Of course nothing is truly free. Many before me had been arrested for sleeping there, punks, anarchists, outsiders of every stripe. City workers had routinely inspected the place and called the cops when they found anyone inside. The guy who invited me to stay there, an anarchist friend of a friend who went by the name of Deadbolt, who was the only one left brave enough to make the squat his permanent residence save for the son of a Peruvian general who was trying his hand at slumming it in America, said I’d need to be careful entering and leaving. That’s the most dangerous part, he said. That’s when you are exposed.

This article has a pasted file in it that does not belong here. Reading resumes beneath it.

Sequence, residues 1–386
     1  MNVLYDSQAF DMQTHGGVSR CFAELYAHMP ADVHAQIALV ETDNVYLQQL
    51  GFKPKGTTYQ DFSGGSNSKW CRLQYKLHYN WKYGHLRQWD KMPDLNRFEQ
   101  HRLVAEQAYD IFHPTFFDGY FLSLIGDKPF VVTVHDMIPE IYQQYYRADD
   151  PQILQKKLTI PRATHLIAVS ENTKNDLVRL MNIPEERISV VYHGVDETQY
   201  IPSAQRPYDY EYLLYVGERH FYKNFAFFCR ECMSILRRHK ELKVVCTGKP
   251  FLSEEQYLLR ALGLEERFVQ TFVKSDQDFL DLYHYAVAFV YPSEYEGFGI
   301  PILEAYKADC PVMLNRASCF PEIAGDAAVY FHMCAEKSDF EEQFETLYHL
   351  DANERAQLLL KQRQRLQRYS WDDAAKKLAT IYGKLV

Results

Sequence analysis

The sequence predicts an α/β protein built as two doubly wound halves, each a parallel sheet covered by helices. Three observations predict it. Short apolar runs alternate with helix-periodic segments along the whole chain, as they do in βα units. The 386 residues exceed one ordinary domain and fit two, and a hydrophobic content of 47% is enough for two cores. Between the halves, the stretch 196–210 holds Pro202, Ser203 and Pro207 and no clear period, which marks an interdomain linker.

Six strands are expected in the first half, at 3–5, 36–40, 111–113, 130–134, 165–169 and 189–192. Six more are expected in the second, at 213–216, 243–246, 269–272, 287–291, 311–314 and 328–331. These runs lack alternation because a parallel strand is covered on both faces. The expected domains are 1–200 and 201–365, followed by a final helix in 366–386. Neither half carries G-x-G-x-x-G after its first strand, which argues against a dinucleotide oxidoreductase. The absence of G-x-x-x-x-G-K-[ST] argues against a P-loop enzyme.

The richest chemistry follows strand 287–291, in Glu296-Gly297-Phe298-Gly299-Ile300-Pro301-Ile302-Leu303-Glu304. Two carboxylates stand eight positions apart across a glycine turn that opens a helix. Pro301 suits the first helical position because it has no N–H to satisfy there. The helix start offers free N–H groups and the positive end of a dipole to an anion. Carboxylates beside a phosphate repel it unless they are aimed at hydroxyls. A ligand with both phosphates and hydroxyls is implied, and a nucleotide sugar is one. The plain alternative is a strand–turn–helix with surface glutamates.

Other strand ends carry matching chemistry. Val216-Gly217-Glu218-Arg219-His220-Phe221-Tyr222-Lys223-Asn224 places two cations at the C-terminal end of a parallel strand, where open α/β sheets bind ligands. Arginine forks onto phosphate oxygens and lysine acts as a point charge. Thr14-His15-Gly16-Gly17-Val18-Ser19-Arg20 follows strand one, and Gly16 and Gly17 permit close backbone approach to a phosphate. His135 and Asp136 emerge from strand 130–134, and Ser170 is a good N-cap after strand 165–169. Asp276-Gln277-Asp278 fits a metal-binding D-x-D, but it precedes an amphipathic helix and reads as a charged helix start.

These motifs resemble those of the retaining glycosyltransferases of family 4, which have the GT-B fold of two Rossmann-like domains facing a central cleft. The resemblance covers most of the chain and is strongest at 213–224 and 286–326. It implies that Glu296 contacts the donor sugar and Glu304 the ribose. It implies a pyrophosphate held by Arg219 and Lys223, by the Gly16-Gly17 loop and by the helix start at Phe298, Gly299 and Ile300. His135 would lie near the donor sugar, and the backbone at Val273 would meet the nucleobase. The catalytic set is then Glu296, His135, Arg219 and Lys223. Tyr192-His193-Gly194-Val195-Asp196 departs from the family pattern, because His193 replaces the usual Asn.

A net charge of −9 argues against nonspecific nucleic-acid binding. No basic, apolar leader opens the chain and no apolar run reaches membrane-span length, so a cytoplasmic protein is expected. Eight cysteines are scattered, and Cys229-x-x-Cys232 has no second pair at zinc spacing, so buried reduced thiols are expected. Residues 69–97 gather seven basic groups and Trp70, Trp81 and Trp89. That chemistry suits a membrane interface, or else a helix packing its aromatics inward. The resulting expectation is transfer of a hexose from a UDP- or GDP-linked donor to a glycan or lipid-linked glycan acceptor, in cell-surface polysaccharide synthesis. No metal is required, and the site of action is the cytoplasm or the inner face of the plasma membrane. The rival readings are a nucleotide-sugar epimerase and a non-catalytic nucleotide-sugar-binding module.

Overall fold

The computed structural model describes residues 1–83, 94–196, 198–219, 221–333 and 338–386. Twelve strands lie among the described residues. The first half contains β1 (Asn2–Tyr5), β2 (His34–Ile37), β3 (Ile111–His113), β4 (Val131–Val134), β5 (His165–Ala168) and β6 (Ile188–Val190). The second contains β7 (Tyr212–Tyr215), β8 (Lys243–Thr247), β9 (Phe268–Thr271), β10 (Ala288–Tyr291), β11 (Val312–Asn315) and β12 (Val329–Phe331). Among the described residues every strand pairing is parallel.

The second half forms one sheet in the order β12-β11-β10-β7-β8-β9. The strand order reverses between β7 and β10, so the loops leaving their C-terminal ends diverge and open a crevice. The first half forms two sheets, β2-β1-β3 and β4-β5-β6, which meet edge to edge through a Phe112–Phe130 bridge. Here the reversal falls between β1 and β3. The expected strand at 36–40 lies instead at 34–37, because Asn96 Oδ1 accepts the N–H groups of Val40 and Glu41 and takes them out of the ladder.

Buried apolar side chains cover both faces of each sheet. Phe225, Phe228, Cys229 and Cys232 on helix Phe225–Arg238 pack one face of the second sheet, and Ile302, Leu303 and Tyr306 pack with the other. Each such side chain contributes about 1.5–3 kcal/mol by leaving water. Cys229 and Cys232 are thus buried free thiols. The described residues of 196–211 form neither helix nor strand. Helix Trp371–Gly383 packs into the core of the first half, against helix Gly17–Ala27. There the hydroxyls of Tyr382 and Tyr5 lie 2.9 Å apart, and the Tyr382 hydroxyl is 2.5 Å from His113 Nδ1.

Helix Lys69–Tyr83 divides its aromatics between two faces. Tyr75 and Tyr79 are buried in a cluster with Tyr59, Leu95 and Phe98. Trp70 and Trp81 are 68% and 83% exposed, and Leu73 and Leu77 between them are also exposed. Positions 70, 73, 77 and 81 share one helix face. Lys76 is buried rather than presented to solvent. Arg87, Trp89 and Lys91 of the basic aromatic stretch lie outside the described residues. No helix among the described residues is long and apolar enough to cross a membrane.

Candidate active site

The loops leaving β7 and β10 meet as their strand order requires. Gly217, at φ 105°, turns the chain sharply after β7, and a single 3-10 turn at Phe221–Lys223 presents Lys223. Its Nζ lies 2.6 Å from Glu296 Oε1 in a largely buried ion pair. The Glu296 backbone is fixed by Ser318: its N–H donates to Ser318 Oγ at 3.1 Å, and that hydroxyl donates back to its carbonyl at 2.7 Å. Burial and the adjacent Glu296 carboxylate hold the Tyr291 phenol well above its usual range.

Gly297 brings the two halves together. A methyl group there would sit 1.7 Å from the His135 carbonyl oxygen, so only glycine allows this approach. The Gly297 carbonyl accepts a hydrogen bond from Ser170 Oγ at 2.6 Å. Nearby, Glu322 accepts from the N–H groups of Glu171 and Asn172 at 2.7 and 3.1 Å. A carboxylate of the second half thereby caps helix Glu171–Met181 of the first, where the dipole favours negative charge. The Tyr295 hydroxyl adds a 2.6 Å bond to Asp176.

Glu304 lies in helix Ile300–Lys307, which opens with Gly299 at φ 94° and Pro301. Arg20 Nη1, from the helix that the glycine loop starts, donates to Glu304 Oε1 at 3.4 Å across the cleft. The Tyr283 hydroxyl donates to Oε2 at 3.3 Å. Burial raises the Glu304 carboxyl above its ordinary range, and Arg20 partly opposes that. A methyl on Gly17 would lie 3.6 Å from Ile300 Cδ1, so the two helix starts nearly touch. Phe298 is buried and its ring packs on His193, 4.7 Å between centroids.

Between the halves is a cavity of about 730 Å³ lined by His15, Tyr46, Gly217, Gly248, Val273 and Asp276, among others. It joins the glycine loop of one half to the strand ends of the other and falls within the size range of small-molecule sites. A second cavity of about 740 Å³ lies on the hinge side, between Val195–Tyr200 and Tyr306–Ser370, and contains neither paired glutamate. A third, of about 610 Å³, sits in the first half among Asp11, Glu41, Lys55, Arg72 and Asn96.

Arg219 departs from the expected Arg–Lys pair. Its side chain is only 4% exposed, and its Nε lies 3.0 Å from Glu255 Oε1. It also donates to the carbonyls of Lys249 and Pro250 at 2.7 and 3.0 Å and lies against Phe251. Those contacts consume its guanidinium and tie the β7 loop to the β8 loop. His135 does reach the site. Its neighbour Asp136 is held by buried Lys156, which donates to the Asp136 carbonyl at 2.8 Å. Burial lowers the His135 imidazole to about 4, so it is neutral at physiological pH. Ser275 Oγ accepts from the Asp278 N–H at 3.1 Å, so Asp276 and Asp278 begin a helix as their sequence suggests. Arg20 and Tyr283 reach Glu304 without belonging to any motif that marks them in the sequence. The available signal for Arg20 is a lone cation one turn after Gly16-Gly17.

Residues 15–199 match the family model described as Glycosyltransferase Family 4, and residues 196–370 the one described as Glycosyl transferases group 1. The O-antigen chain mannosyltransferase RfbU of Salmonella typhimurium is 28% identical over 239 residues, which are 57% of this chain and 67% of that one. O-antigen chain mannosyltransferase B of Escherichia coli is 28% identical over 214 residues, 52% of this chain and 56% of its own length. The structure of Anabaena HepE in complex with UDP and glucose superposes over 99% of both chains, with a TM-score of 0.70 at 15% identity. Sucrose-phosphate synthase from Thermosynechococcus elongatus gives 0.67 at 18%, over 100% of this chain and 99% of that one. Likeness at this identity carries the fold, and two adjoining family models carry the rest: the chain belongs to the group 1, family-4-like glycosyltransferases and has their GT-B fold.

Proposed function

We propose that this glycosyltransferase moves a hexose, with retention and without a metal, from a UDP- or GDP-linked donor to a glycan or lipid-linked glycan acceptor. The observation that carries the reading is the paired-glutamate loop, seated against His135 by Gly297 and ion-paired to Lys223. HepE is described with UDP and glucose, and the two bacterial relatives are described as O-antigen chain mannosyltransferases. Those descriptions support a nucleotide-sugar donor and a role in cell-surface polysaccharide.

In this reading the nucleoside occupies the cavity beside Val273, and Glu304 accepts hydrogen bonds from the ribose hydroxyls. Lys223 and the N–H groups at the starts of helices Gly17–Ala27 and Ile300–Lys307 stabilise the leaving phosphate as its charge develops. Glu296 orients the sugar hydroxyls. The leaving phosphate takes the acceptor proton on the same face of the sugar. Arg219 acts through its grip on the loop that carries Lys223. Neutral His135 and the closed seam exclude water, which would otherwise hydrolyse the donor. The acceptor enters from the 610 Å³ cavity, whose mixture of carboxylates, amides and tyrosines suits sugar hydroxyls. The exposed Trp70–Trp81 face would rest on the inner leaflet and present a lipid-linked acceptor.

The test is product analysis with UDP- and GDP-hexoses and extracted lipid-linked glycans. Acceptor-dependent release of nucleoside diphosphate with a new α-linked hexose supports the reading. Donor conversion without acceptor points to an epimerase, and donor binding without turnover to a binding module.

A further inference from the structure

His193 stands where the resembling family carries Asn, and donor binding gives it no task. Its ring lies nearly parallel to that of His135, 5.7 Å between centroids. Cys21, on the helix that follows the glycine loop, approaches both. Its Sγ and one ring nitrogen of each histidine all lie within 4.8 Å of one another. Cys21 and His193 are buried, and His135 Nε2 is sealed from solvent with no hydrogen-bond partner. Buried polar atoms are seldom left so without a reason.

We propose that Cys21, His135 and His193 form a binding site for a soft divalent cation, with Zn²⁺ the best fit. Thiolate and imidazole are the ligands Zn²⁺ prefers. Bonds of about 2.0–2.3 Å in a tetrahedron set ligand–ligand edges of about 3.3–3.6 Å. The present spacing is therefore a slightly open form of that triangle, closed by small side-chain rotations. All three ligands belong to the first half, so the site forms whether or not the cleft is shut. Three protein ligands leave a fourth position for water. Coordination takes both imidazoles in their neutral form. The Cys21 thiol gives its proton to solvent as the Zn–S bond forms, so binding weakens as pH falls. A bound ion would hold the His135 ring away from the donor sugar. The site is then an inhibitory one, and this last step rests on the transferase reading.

But it was also the coolest part. Next to the subway stop called Second Avenue, on the IND Sixth Avenue line, there was a small neighborhood garden cordoned off with a chain link fence. If you stood on the black square-tubed railing around the subway entrance, you could hoist yourself over the top of the garden fence, and once inside you’d have to creep past what felt like Amazonian forest to the far end of the garden until you found a set of stairs leading into some kind of dark and cavernous basement. Once down there, a flashlight was necessary to find the door that had been bricked up from the inside. The only way to know that it was bricked up required taking off a thin steel panel from the bottom of the door, exposing a hole that someone had broken through the bricks, jagged edges rimming the space that was large enough for a slender person to crawl through. And that’s what we did, morning and night. Once inside we walked across rubble through winding corridors, dust floating across flashlight illumination causing in us the reflex to choke but motivating us to make the ascent up two flights of stairs, down more winding corridors until you reached a string dangling in the center of the small cluttered room. Pull the string and…surprise! A makeshift kitchen with one power strip with a minifridge, a toaster oven and a single light bulb connected to it. Of course, they couldn’t all be used at the same time, a breaker would flip and that was far away in parts I hadn’t yet seen. We did what we could for the two months we spent there. We admired the downtown skyline from the rooftop. We marveled at the long-drained swimming pool in the basement. We slept in a little storage room behind the stage in a auditorium where children would have put on productions, the door of which we hid behind an old stage backdrop landscape painting, just in case of intruders. The best part about the whole New York thing was the bagels.